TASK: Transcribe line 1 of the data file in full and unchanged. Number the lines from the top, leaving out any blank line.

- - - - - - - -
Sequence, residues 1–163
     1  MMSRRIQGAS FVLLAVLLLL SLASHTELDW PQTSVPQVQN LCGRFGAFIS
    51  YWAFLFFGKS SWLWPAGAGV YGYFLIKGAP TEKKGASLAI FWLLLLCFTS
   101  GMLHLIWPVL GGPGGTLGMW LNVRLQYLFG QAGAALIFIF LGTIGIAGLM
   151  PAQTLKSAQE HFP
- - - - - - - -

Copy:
Sequence, residues 1–163